Friday, 29 January 2016


Whether you've purchased a brand new watch or inherited a family heirloom, a good watch not only looks and feels satisfying to wear, it can hold its value - or perhaps increase its worth - with age. Like a good wine, look after it and store it well and you can enjoy years of maturing value.

Here Mr. Town Talk and the professional jewellery and antique experts at AC Silver based in Newcastle Upon Tyne, investigate the history of watch manufacture.


Mr. Town Talk: "What do you see as the main differences between antique watches and today’s modern watches?"
AC Silver: "Initially, watches were functional items, allowing an individual to keep track of time whilst on the move. Over time, they have become more advanced i.e. anti-magnetic/automatic/ capable of remaining watertight under a great depth of water.

Latterly, watches have become more of a statement piece: either as a fashion accessory, or an overt display of wealth. Modern technology and newer designs allow watches to be made in all shapes and sizes. No longer do watches just ‘keep the time': today's watches keep ‘perfect/auto-adjusting’ time and also have an array of various functions, from the more common chronographs to Breitling’s Navitimer World, which houses a dual time zone system. Ultra-modern examples such as the Apple Watch, released in April 2015, incorporate state of the art technology enabling use of online applications and synchronization with mobile phones.


1400s -
The mechanical watch, requiring a key to wind it up, appeared in the late 1400s. Timepieces worn on the wrist were very slowly introduced in the mid-1600s and English and Swiss horologists became the main watch movement producers worldwide.

1800s -
The vast majority of watch movements (some of which by this time had interchangeable parts) in the late 1800s to mid-1900s were hand crafted in Switzerland, hence Swiss movements being so prevalent at this time. America however was soon to become a serious competitor and a catalyst in the development of watch technology. Wristwatches only became readily available in the early 1900s - the time when the Greenwich Meridian was recognised as the baseline for worldwide time zones.

1900s -
With the development of steel and modern technology in the early 1900s, watch cases were more easily mass produced and could be made watertight. Mechanism and refined engineering techniques permitted smaller and many more components to be made for a single timepiece.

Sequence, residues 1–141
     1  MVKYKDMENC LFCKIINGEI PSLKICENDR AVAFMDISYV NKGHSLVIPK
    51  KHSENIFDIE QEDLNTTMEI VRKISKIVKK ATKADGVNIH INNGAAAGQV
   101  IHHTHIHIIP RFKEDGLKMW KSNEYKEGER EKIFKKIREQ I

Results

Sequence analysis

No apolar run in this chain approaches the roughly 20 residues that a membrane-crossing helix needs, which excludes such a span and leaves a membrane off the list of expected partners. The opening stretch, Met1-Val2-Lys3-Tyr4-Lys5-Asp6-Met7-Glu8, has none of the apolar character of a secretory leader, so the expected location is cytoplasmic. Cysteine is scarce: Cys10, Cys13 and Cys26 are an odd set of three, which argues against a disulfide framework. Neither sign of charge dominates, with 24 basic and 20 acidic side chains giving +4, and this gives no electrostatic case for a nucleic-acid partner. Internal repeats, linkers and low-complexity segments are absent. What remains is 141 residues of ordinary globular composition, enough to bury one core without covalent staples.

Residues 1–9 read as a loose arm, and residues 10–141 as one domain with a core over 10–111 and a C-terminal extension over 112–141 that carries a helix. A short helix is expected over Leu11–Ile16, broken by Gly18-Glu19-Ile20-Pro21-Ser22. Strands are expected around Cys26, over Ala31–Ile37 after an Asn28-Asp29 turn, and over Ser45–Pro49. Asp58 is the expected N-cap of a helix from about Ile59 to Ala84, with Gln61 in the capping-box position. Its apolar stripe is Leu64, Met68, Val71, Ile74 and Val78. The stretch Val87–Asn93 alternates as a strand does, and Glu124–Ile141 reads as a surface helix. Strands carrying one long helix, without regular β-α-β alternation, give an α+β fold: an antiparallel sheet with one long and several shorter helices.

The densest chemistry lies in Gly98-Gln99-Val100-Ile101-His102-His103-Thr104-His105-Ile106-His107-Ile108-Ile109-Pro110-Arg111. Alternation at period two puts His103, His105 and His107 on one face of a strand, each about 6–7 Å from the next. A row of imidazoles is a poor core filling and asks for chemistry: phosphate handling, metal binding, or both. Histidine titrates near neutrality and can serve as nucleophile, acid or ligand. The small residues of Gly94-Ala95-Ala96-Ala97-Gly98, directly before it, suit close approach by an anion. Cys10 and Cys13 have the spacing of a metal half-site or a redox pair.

Sales of wristwatches and pocket watches became comparable by the 1930s. Watch keys were no longer needed to ‘wind up’ the movement, instead an integrated ‘crown’ or winder was incorporated into wristwatch design. With increased sales in wristwatches, mass production and new technologies facilitated the production of self-winding, automatic, battery and quartz operated watches to be manufactured at ‘reasonable’ cost. Potentially, such watches were better at accurate timekeeping than mechanical watches and the use of electricity reduced the number of kinetic mechanical components.

By the mid 1970s digital, light emitting diode (LED) watches were replaced by thinner watches with liquid crystal displays (LCD). Then, by the turn of the 21st century, we saw the introduction of silicon in watch movement production and modern watches may now be considered to be mini computers in their own right."


Mr. Town Talk: "An antique watch is the most wonderful of treasured possessions to own, but what are the challenges of the wearing an antique timepiece in a modern world?"

AC Silver: "Like most antique items, authentic timepieces need to be cared for as the irreplaceable components may become damaged or knocked out of synch. Replaceable parts, or the skill and craftsmanship to fit such parts may be difficult to source.

Depending on the age or type of watch, water resistance may not be guaranteed, never mind true waterproofing! This can be easily forgotten, and a watch worn when in effect, it should be removed."

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Mr Town Talk’s Gleaming Polished World was established in Lancashire, Great Britain in 1895 to supply the finest Polishes, Cleaners and Accessories for Silver, Gold and Precious Metal Jewellery. More recently, Mr Town Talk’s range of unparalleled products has been expanded to include Household Cleaners and Laundry Requisites.

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